Cool climate & expensive energy – Variable speed pump

      Cool climate & cheap energy – Dual speed pump

      But if you want a recommendation for a pump, you could not go wrong with the Pentair Intelliflo or the Pureline Prime VS

      Also, rebates are dependent upon your electric company. You will need to call or visit the electric company’s website for details.

  11. I live in Vero Beach Fl with an older 10,000 gal pool. I am adding solar panels on the roof, and I want to replace the old Jacuzzi pump. I hope to use the pool year around once the solar panels are installed. What pump would you recommend?

    1. I suggest using a variable speed pump, because it gives you so water flow flexibility. A variable speed can be run on lower revs for normal filtering and when you activate the solar panels you can up the flowrate. Variable speed motors are also more durable than the induction style single and two-speed motors.

      The two variable pumps I prefer are the Pentair IntelliFlo and the PureLine Prime 2.7 HP

  12. I live in Las Vegas. 37000 gallon pool. 2 inch line. Salt system with a triton 2 sand filter. I am looking options for a variable speed pump. What is recommended.

  13. Hi there
    I live in Northern Calif. and have a single speed motor on a 25k gallon older pool with 1 1/2 inch pipe. I run it from April thru October. Wondering if a variable speed is right for me.

    Thanks

    1. As Patrick covers in the blog, it depends on utility company rebates, electricity costs and the demands of your system. The first thing is, the 25k gallon an accurate assessment of your pool size or is it a guesstimate? Then, we have to figure out the feet of head of your pool to determine what flowrates you can get with the smaller 1-1/2″ pipe. Read this article on how to calculate feet of head. Utility companies also have a rebate section on their website to help you determine if the pump you’re interested in is acceptable. If their website is not helpful, give them a call.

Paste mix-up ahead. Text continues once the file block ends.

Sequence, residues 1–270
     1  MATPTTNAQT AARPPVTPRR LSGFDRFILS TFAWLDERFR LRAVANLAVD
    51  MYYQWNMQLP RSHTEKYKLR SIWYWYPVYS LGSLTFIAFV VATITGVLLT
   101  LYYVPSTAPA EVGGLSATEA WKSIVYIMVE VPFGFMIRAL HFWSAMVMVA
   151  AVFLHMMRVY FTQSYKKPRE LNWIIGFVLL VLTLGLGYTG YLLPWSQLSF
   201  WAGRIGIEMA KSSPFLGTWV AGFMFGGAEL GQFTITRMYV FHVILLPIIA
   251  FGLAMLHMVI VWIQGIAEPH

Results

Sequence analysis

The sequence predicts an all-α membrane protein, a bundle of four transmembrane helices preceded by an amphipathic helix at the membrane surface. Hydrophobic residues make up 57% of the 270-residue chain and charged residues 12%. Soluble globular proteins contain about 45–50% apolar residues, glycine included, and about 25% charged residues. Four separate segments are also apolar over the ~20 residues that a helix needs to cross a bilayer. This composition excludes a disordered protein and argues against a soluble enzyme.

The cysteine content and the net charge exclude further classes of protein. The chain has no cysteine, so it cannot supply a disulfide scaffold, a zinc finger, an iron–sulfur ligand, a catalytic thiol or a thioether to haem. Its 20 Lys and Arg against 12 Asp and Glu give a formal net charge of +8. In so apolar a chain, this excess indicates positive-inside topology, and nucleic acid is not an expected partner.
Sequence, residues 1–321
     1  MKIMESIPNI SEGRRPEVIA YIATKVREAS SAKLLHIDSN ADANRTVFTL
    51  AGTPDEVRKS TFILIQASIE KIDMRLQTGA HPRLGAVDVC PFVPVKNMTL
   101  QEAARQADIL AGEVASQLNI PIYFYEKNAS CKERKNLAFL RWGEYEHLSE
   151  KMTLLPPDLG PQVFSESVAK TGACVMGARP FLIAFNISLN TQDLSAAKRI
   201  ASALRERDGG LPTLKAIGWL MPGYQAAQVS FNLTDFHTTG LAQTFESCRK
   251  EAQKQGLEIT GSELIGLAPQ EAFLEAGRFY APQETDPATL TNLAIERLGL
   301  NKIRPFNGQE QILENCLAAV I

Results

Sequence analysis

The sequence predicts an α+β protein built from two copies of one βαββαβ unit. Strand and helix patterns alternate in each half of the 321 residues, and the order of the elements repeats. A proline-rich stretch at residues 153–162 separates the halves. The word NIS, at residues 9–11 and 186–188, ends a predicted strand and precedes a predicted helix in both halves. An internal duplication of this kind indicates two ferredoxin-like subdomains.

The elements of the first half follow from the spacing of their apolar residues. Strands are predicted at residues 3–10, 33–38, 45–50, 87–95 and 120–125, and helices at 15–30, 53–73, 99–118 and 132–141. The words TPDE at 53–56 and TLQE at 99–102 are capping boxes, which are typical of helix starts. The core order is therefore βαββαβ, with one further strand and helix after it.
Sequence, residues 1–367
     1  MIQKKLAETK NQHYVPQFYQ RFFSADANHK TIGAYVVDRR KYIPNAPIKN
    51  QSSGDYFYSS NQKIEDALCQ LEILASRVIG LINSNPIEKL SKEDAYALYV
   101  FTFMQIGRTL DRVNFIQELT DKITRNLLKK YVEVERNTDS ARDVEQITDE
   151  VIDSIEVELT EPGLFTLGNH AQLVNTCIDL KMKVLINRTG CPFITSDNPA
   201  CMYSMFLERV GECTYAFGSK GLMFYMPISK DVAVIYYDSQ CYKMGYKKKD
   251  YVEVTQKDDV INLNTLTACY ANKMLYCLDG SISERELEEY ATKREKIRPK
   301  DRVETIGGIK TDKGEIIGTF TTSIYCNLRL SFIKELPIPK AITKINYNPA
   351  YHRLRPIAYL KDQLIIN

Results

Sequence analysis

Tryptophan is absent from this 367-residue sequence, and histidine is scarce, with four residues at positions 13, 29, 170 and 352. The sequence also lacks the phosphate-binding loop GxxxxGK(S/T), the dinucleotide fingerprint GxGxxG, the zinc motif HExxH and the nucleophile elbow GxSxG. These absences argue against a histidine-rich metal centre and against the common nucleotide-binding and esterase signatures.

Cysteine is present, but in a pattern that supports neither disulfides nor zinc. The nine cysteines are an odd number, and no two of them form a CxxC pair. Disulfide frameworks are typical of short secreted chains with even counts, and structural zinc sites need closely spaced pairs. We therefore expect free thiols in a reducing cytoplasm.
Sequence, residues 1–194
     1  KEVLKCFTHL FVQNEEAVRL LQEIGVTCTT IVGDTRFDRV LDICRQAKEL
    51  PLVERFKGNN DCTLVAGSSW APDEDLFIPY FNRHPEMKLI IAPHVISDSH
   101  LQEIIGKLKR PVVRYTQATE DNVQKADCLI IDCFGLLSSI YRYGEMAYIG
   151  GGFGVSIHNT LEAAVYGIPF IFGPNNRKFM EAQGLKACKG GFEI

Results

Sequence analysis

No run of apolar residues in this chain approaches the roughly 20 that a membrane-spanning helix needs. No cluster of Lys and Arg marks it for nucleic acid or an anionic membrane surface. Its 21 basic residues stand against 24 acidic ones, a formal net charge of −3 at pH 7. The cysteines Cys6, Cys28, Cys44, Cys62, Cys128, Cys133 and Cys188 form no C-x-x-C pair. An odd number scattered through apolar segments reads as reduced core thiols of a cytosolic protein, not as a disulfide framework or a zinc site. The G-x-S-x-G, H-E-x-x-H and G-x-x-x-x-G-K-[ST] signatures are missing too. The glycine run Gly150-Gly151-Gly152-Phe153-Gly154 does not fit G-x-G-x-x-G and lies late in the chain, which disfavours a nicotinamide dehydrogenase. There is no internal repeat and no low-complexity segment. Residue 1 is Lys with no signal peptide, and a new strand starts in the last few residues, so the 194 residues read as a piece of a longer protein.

1. Ok thanks Matthew
        I have a buddy who has a brand new Jandy VSFHP165JEP 1.65 HP variable that he will sell me for $400 ( he paid $900)……. Figured my single speed is getting old and it might makes sense at that price and with really high elec rates here in Northern California…… thanks again and I wll check with the energy company about a rebate….

        Cory

  14. OK, so here’s where i am confused. All the literature and ads for variable speed pumps seem to state that the energy savings come from the ability to program the pump speed to an “optimum” value. But what I can’t find is how one determines what that optimum speed is. It would seem to me that a variable speed pump programmed to the wrong speed(s) is no better than an old fashioned single or two speed pump. So what gives? is there a magic formula or what?

    1. Optimal speed is finding the sweet spot where you are running your motor on the lowest settings to maintain your’s pool normal water quality. If you look up the Law of Affinity, it essentially states, RPMs and amp use are not comparable. A motor running at 3450 RPM may run at 15 amps, but when you cut the motor to half speed at 1725 RPMs the motor will only be using 2-3 amps, not 7.5. The point of the variable speed is to give the user a better way to throttle the motor, allowing for maximum savings. A variable speed are rarely set to 3450 RPMs because it negates the point variable speed drive.

      Variable speed is by no means a plug and play motor if you want to peak savings. There will be a feeling out period where you run the pump at an RPM setting for a few days, check the water chemistry to make sure everything is still in check. If the levels check out, then you can take another step down, and keep doing so. When you reach an RPM that causes the water chemistry to take a nosedive, you can attempt the same RPMs with a longer run time or go to the previous steps RPM.

      There is no magical formula because every pool is different after you factor variables like pool size, feet of head, and chlorine demand, and bather load. you will also see savings over the life of the motor, because variables speeds could last 10-15 years whereas the new single and dual speeds motors only last 3-5 years.

      1. Hi,